John and Cherrie Bold are splitting their time between Tucson, AZ, in the winter and the Brainerd Lakes area in the summer-with stops at their Edina home in between. They had a scare last winter as Cherrie suffered a head injury while playing tennis. Brain surgery to remove two blood clots was successful and she is well on her way to full recovery. Remember them in your prayers.
Ray and Lois Austin have completed their volunteer work in Tanzania and are now back at home in Seattle. Their year in Moshi, Tanzania, was spent as boarding parents to 20 secondary school boys at the International school there, a rather unique experience. While the responsibilities at the school allowed little time for travel, they were able to see some old friends, enjoy the warm climate and re-experience the country where 38 years ago they began their overseas work and their family. In addition to their work in Tanzania, they spent ten memorable weeks at an orphanage in Ethiopia, an experience that has had a lasting influence on them and accentuated their awareness of the great economic inequalities among peoples. The Austins have four children: Chris in San Francisco, Anna in Guam, Andrew and Karin, both in Seattle. Ray and Lois have put out the welcome mat and welcome visitors to their Seattle home!
D. L. Smith is now semi-retired after completing the sale of 75% of his 32-year investment business last January. While spending time during the summer at his cabin near Hackensack, he is able to get together periodically with classmate Fritz Kilander.
Ray ('60) and Shelia Ice Olson are both enjoying their retirement while keeping busy with grandchildren and kids projects as well as a few of their own. In June they traveled to Scandinavia, hoping to spend some time with relatives in Sweden.
Dave Eckman and wife, Janice (Erickson ’70), live in Superior, WI. Dave is associate pastor of Pilgrim Lutheran Church and Janice is an RN at St. Francis Nursing Home. They have three children: Bryan (’94), 28; Jennifer, 21; Scott, 16. Dave and Janice recently became grandparents as Brian and wife, Jolene, gave birth to a baby girl, Danielle. Dave is planning to retire from the ministry in 2002.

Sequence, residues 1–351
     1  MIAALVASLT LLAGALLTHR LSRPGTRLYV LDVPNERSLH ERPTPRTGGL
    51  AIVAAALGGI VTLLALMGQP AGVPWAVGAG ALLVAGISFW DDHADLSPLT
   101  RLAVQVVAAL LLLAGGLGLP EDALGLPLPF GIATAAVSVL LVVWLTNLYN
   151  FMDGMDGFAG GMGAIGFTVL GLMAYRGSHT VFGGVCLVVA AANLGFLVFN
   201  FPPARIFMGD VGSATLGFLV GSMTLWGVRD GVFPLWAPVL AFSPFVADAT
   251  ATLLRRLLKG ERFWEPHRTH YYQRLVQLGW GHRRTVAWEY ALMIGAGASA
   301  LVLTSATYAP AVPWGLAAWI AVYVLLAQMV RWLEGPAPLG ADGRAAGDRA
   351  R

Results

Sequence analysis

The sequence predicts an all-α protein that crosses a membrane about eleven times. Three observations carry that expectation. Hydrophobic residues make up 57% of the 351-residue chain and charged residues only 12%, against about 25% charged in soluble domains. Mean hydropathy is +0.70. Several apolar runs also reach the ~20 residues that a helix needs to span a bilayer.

Sandy and Sonia Anderson may or may not be looking forward to Christmas this year. A year ago they made 3,390 Christmas cards for Augustana Homes to sell in their gift shops for Christmas ’99¾ that must be a lot of glue and glitter.
Phonorama calls last winter made contact with the following classmates…
Warren Sonday, Richfield, MN, retired from Bremer Foundation.
Sally Lowe Nelson, Plymouth, MN, retired from Trend Interiors.
Dean Hillman, Chappaqua, NY, professor at New York University Medical Center.
Mary Enstad Newman, Willmar, MN, retired as elementary teacher in the spring of 1999.
Marv Larson, Alexandria, MN, retired from the clergy.
Bob Sandberg, Bountiful, UT, retired from Reliance Insurance Co.
Allegra Nelson Olson, San Diego, CA, still working part-time.
John Nelson, Edina, MN, working for United Bay Health.
Morris Lundgren, Staples, MN, retired from Brainerd/Staples Reg Tech.
Richard Thorpe, San Jose, CA, working for Intel Corporation.
Karen Hanson Shogren, Burnsville, MN, retired as a nurse at VA Hospital
Warren Woods, Fridley, MN, working for Midwest Medical Services
Lynda Johnson Minnick, Chicago, IL, working for the Evangelical Lutheran Church in America
The Alumni Office has lost contact with the following classmates...Jerry Bergerson, Merlyn Bork, Curt Christensen, Gaylen Class, Myron Sattler, Gail McKenzie Smith, Merida Peterson Worner...if you have any information as to their whereabouts, let me know or call the Alumni Office (800-487-8437).
The highlight reel from the Erickson household for the past six months features a tour through northern Europe taking in six countries and twelve cities in eighteen days. Linda and I joined a group of 35 friends and former colleagues in visiting Holland, Denmark, Sweden, Norway, Germany and Belgium during the month of May. It was a great experience and wet our appetite for a return some day to search out the birthplaces and early homesteads of our grandparents. A glorious summer (once summer arrived in early July) was spent at Sand Lake (near Moose Lake, MN) with family and friends.
That's it for this edition. I hope this letter finds you and yours well. Don't forget the Gustavus Fund…and send in your news so we can pass it on in the winter class letter!
’Till next time...take care!
1959 Class Agent
15150 Williston Lane, Minnetonka, MN 55345
telephone: (612) 935-2442